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MicroPython port to STM32 MCUs

This directory contains the port of MicroPython to ST's line of STM32Fxxx microcontrollers. It is based on the STM32Cube HAL library and currently supports: STM32F401, STM32F405, STM32F411, STM32F429, STM32F746.

The officially supported boards are the line of pyboards: PYBv1.0 and PYBv1.1 (both with STM32F405), and PYBLITEv1.0 (with STM32F411). See for further details.

Other boards that are supported include ST Discovery and Nucleo boards. See the boards/ subdirectory, which contains the configuration files used to build each individual board.

Build instructions

Before building the firmware for a given board the MicroPython cross-compiler must be built; it will be used to pre-compile some of the built-in scripts to bytecode. The cross-compiler is built and run on the host machine, using:

$ make -C mpy-cross

This command should be executed from the root directory of this repository. All other commands below should be executed from the ports/stm32/ directory.

An ARM compiler is required for the build, along with the associated binary utilities. The default compiler is arm-none-eabi-gcc, which is available for Arch Linux via the package arm-none-eabi-gcc, for Ubuntu via instructions here, or see here for the main GCC ARM Embedded page. The compiler can be changed using the CROSS_COMPILE variable when invoking make.

To build for a given board, run:

$ make BOARD=PYBV11

The default board is PYBV10 but any of the names of the subdirectories in the boards/ directory can be passed as the argument to BOARD=. The above command should produce binary images in the build-PYBV11/ subdirectory (or the equivalent directory for the board specified).

You must then get your board/microcontroller into DFU mode. On the pyboard connect the 3V3 pin to the P1/DFU pin with a wire (they are next to each other on the bottom left of the board, second row from the bottom) and then reset (by pressing the RST button) or power on the board. Then flash the firmware using the command:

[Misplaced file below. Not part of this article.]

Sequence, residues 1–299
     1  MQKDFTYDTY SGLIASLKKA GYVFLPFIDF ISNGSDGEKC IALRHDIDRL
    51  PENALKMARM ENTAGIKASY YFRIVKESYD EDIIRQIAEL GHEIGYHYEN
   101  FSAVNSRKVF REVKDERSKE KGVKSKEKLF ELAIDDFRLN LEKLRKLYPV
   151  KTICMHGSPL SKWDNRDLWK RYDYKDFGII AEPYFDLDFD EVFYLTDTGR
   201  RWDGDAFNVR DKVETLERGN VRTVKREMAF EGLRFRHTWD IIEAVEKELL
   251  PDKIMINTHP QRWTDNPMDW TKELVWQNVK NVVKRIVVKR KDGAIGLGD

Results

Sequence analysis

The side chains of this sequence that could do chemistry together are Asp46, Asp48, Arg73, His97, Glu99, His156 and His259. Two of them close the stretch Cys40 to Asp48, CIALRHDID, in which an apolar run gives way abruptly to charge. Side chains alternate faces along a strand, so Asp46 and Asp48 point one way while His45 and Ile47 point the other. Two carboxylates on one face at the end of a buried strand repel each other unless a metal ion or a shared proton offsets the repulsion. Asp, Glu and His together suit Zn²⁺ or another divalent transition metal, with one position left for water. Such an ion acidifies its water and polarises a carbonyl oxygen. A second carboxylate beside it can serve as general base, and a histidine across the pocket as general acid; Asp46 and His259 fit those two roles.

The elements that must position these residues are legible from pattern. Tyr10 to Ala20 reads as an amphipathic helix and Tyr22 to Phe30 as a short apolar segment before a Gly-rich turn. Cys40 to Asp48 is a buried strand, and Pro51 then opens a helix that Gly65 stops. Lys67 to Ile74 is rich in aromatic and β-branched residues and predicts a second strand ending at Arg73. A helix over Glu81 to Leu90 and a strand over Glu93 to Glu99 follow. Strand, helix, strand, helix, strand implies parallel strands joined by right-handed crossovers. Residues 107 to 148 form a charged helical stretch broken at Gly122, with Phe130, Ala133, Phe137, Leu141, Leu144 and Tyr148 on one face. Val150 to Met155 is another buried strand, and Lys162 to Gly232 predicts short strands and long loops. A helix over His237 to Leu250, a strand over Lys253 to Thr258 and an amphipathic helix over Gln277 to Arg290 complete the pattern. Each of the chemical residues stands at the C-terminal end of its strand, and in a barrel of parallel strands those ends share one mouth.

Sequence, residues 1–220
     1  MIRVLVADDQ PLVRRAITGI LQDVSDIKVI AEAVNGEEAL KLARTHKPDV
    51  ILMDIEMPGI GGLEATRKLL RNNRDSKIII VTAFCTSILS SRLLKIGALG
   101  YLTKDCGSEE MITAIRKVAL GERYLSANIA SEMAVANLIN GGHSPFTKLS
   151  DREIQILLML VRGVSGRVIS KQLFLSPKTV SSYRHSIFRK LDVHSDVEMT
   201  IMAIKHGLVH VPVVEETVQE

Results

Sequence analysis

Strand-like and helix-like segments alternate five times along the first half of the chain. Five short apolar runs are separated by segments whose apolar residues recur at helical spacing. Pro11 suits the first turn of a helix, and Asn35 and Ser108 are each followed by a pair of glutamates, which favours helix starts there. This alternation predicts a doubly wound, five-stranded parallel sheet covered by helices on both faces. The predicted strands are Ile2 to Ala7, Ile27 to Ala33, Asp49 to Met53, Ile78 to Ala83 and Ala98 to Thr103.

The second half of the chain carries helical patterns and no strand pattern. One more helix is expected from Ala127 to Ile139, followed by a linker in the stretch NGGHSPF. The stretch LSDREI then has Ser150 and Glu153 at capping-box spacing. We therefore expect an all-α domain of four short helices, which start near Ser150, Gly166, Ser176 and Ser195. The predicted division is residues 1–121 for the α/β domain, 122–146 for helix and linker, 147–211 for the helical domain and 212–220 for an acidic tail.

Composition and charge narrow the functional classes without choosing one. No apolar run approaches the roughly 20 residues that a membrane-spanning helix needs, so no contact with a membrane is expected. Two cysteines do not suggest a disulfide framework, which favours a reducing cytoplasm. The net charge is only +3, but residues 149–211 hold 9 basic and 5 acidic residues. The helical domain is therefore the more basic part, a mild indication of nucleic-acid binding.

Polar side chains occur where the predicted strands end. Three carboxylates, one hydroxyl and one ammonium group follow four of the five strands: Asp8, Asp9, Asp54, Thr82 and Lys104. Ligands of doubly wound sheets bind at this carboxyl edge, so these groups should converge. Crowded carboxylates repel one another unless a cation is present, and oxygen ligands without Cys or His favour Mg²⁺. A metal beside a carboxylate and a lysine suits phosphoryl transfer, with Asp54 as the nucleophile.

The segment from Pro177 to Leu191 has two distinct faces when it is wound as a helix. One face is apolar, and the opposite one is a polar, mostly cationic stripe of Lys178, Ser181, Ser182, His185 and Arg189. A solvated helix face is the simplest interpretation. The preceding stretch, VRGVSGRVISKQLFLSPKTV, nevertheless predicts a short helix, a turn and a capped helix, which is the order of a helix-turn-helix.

$ make BOARD=PYBV11 deploy

This will use the included tools/ script. You can use instead the dfu-util program (available here) by passing USE_PYDFU=0:

$ make BOARD=PYBV11 USE_PYDFU=0 deploy

If flashing the firmware does not work it may be because you don't have the correct permissions. Try then:

$ sudo make BOARD=PYBV11 deploy

Or using dfu-util directly:

$ sudo dfu-util -a 0 -d 0483:df11 -D build-PYBV11/firmware.dfu

ST Discovery or Nucleo boards have a builtin programmer called ST-LINK. With these boards and using Linux or OS X, you have the option to upload the stm32 firmware using the st-flash utility from the stlink project. To do so, connect the board with a mini USB cable to its ST-LINK USB port and then use the make target deploy-stlink. For example, if you have the STM32F4DISCOVERY board, you can run:

$ make BOARD=STM32F4DISC deploy-stlink

The st-flash program should detect the USB connection to the board automatically. If not, run lsusb to determine its USB bus and device number and set the STLINK_DEVICE environment variable accordingly, using the format <USB_BUS>:<USB_ADDR>. Example:

$ lsusb
Bus 002 Device 035: ID 0483:3748 STMicroelectronics ST-LINK/V2
$ export STLINK_DEVICE="002:0035"
$ make BOARD=STM32F4DISC deploy-stlink

Flashing the Firmware with OpenOCD

Another option to deploy the firmware on ST Discovery or Nucleo boards with a ST-LINK interface uses OpenOCD. Connect the board with a mini USB cable to its ST-LINK USB port and then use the make target deploy-openocd. For example, if you have the STM32F4DISCOVERY board:

$ make BOARD=STM32F4DISC deploy-openocd

The openocd program, which writes the firmware to the target board's flash, is configured via the file ports/stm32/boards/openocd_stm32f4.cfg. This configuration should work for all boards based on a STM32F4xx MCU with a ST-LINKv2 interface. You can override the path to this configuration by setting OPENOCD_CONFIG in your Makefile or on the command line.

Accessing the board

Once built and deployed, access the MicroPython REPL (the Python prompt) via USB serial or UART, depending on the board. For the pyboard you can try:

$ picocom /dev/ttyACM0